Ad industry's flexible job options fall short of demand, survey finds

Flexible working: there are misconceptions that it's a 'nice to have'
Flexible working: there are misconceptions that it's a 'nice to have'

Timewise revealed ad industry's proportion of flexible jobs falls short of national average.

The advertising, marketing and PR industries fall behind the national standard in offering flexible working to employees, according to a survey of UK job ads. 

The Flexible Jobs Index, an annual survey by consultancy Timewise, analysed more than five million UK job ads to find out how many offer flexible working. It found that 15% of overall vacancies had flexible working options, compared with just 12% in advertising, marketing and PR. 

This figure is up from last year, when 9% of job vacancies in the communications industries offered flexible options. But it still fails to meet the high demand for flexible jobs in the UK: 87% of employees said they want to work flexibly. 

"All the data shows that flexibility is now just as important to candidates as salary," Karen Mattison, co-founder of Timewise, said. "Yet we have a situation where it’s a really opaque job market that leaves candidates to do all the guessing."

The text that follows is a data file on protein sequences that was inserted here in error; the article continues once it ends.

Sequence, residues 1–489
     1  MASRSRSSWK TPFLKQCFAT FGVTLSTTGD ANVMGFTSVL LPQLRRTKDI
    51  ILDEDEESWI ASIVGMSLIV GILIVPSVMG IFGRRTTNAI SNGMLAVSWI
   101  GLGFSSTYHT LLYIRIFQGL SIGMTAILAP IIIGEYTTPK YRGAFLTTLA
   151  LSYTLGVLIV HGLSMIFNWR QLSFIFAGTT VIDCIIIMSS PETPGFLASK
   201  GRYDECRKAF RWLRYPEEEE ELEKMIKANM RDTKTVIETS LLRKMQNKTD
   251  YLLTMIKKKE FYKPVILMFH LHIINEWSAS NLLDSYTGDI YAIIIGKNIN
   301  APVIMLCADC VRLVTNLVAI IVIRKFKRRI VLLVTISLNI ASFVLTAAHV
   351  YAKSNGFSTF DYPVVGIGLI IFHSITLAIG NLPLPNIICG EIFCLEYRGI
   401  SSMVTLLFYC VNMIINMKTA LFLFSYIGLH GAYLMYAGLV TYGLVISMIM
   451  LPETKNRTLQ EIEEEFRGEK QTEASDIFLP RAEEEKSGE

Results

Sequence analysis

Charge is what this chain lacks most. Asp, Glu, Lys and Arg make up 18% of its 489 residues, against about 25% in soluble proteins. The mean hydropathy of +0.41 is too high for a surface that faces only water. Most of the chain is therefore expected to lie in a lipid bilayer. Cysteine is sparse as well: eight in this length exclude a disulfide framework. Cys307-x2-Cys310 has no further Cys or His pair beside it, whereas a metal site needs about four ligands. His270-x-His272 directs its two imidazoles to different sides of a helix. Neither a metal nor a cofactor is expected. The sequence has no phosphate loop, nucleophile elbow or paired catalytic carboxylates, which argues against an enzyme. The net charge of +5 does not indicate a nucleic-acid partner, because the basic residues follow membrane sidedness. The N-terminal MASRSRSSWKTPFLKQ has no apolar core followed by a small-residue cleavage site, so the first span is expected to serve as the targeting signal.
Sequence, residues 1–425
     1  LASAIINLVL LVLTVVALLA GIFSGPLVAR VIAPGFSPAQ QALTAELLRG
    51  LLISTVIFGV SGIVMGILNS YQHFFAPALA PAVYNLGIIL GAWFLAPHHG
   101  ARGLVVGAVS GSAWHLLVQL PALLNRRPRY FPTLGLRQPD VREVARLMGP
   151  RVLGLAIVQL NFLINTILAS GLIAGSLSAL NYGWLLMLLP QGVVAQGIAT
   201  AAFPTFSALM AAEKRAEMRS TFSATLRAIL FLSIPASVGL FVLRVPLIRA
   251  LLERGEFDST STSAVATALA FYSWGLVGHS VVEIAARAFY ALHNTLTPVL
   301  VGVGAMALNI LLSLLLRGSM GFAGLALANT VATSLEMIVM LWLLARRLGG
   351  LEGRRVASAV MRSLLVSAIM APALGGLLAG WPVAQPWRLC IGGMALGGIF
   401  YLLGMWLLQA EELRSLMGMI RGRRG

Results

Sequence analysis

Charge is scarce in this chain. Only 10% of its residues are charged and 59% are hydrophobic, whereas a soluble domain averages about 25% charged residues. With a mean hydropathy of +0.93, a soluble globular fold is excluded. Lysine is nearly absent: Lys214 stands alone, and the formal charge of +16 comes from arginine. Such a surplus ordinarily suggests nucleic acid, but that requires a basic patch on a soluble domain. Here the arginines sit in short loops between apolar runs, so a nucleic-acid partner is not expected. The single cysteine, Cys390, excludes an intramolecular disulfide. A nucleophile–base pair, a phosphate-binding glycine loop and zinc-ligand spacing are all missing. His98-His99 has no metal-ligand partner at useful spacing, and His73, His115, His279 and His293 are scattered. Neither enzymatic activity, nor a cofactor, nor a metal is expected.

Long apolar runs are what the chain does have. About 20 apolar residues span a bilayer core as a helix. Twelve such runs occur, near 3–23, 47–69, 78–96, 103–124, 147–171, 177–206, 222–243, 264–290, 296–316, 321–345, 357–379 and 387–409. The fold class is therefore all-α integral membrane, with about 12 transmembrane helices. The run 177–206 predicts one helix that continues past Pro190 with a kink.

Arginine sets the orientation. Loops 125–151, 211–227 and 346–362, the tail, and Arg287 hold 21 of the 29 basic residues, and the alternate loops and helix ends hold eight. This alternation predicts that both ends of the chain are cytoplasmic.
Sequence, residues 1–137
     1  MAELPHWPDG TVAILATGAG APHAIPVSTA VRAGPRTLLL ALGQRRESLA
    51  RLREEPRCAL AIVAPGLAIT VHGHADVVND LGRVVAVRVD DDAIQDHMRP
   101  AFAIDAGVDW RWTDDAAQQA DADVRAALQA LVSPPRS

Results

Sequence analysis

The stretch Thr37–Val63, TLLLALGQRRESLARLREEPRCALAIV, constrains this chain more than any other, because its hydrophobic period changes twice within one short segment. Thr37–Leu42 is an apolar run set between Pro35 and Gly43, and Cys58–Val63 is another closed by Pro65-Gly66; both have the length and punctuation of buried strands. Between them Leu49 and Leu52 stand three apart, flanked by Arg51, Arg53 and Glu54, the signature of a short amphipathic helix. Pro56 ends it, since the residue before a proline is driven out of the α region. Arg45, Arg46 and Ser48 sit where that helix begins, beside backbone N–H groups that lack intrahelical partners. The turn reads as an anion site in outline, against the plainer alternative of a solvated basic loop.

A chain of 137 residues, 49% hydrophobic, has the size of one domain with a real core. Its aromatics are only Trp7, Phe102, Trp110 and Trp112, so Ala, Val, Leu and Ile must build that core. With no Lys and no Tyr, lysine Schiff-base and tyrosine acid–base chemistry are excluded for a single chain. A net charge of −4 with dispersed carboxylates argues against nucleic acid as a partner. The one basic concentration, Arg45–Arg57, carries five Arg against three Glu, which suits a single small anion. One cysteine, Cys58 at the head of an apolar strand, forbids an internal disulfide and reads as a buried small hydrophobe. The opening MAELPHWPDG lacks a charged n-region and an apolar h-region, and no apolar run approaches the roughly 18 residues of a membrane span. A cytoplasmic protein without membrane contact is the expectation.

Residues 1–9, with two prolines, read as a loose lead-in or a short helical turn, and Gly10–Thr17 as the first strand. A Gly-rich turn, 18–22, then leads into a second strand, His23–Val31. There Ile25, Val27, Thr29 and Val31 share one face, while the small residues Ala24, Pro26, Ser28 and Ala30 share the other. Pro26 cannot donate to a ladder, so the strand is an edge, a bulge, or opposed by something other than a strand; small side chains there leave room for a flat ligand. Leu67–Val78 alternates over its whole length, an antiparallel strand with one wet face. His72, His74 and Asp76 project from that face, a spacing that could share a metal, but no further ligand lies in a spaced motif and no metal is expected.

In the communications industry, the chances of finding a flexible job narrow as employees advance, according to the report. People who work flexibly often get "stuck" in their current roles, because there isn’t a flexible jobs market for them to go to, resulting in a lack of career progression or employees missing out on prime candidates. 

A lack of flexibility can also exacerbate issues such as the gender pay gap, Mattison added. 

She continued: "The job market hasn’t caught up with the way people want and need to work. The creative industries in particular need some innovation and creativity in the way they design and advertise jobs.

"Employers are missing a trick. If you lead with flexibility as well as things like salary, you’re tapping into people who otherwise might not be active candidates. It’s all about designing jobs in a clever way that fits the modern worker." 

Many employers still have misconceptions around flexible working, such as the idea that only mothers might want it, Mattison explained. Yet Timewise’s research has shown that "men want it just as much as women, and younger workers want it the most" she said: "We have to break down this idea that flexibility is a ‘nice to have’."

Following the survey, Timewise is seeking nominations for its Power 50 awards, which celebrate successful part-time and flexible workers as well as businesses that prioritise flexible working.

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